Environment

The Metropolitan Sewer District is restarting a program that turns the city’s solid human waste into a kind of fertilizer. They plan to begin giving it away for free to farmers in June. 

For the last couple years, Louisville’s been trucking the city’s “solid” human waste to the landfill, said MSD Treatment facilities operations director Daymond Talley. 

“It takes up a lot of room in the landfill and it isn’t always friendly with the landfill,” he said. “They have to balance how much they can take and mix.”

This is probably too much information, but sewage is mostly water and about 1% solids. MSD treats the liquids and releases them into waterways. The district runs the solids through centrifuges to condense them into “cake,” which the city pays for the privilege of sending to the landfill. 

But it wasn’t always that way. From about 2004 through 2019, MSD ran the original Louisville Green program. Using massive rotary drum dryers to heat the biosolids and burn off any harmful bacteria, MSD converted the waste into small pellets. 

Metropolitan Sewer District

A pile of Louisville Green soil amendment pellets.

Over time the equipment began to break down until MSD suspended the program in 2020. Now the program is ramping back up. 

MSD has already put one new dryer in service, and is in the process of putting a second dryer online, Talley said. 

Their goal is to make 100 tons per day. It’s not technically fertilizer because fertilizer has certain levels of nitrogen and phosphorus and MSD can’t guarantee those in the product, but it serves the same purpose.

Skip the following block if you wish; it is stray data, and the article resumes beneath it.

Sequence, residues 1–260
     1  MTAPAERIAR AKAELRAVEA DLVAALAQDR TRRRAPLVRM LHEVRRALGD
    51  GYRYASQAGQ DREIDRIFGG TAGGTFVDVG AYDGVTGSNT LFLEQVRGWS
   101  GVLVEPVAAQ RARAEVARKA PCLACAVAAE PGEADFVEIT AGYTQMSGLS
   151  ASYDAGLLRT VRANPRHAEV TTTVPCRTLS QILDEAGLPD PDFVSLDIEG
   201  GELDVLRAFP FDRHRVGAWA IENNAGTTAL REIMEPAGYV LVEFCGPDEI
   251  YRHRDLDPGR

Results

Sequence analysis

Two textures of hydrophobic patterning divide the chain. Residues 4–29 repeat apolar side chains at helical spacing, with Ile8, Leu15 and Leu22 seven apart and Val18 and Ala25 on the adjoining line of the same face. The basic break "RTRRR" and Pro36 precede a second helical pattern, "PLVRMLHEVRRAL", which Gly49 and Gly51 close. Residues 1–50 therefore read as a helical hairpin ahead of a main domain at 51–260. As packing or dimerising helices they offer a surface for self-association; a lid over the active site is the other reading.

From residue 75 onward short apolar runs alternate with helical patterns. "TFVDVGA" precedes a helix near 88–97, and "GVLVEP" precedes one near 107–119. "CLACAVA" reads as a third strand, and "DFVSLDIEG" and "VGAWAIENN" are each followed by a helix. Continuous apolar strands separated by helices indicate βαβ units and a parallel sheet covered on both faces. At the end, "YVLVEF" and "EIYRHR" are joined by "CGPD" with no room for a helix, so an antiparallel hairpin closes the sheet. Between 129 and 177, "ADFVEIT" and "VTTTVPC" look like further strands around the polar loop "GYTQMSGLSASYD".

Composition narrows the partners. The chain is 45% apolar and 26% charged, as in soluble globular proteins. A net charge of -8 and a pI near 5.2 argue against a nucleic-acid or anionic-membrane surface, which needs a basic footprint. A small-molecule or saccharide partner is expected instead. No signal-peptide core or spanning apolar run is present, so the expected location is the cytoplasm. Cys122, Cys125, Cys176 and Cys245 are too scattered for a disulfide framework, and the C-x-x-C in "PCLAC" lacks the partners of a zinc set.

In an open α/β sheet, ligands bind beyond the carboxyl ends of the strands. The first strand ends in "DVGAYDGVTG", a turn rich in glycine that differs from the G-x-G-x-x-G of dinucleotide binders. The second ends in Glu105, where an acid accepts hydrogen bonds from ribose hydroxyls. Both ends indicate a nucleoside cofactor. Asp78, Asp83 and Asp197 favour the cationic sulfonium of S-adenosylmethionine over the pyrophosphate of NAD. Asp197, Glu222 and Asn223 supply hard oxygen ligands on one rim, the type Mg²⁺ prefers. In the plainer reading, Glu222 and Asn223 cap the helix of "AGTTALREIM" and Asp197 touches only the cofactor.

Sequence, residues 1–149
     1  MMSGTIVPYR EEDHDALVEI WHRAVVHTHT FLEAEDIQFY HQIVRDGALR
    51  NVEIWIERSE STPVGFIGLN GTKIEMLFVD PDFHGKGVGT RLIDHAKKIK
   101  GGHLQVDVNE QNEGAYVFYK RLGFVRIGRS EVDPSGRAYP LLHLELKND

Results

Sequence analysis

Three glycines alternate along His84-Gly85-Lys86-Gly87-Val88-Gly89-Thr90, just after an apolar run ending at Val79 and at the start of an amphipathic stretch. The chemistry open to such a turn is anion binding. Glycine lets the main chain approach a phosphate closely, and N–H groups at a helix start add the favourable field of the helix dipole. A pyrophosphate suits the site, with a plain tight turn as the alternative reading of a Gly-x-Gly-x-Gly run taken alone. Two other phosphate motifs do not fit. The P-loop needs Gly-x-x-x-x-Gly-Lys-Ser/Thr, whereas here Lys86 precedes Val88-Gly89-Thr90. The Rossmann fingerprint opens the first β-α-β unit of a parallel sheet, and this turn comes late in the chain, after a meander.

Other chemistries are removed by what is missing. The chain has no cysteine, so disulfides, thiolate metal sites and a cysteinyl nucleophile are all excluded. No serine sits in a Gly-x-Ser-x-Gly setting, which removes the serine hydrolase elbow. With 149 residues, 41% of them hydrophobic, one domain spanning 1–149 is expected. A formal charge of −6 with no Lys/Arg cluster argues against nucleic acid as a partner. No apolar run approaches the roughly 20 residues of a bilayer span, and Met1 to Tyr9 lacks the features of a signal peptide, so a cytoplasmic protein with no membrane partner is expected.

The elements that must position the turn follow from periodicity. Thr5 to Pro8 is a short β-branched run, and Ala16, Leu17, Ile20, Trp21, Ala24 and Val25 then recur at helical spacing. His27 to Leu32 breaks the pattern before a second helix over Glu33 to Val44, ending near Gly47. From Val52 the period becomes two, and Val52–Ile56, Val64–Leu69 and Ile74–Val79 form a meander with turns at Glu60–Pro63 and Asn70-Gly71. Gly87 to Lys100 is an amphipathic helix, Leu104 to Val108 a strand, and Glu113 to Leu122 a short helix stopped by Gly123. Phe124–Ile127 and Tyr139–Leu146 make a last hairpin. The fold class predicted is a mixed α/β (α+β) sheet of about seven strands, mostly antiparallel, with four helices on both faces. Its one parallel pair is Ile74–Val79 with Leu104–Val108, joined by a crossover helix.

When the program is fully operational, it’ll save around a million cubic feet of landfill space per year, according to MSD’s Louisville Green website

Farming with Louisville Green

Louisville Green is free, but there’s a 15-ton minimum so unless you’ve got a really big garden, it’s mostly for farmers like Karl Weber from Indiana. 

Weber raises cows and grows corn and soybeans. He used Louisville Green for years before the program shut down and he’s excited for the program to start back up, because fertilizer is about twice as expensive as it was last year.  

“It’s tough. We’ve got a lot of inputs on the crops and it’s hard to make money,” he said. “I know [Louisville Green] works and it’ll really help us out.”

Weber said it’ll save him a couple hundred dollars per acre and he knows at least 10 other farmers who want to pick up their own truckloads. 

Those interested in the product, can email pellets@louisvillemsd.org for more information.

‘Forever chemicals’ and fertilizer made from biosolids

One unknown is the amount of PFAS chemicals present in Louisville Green’s product. PFAS, often called “forever chemicals,” are sometimes found in sewage waste that’s been turned into fertilizer, according to the Sierra Club

These chemicals persist in the environment for decades, have been linked to a number of health problems and can be taken up by plants when the chemicals are present in soil. 

However, there are no health standards for the presence of PFAS in fertilizer made from human waste. It’s unknown if the chemicals are present in Louisville Green, but it’s possible.

MSD said it plans to begin testing Louisville Green for the presence of PFAS. 

“There are no regulations for PFAS. The EPA is working on that and so what we are doing is we are going to start here in the next quarter or two quarters to do some PFAS initial sampling,” said Talley with MSD.  

 

 

 

Ryan Van Velzer is WFPL's Energy and Environment Reporter.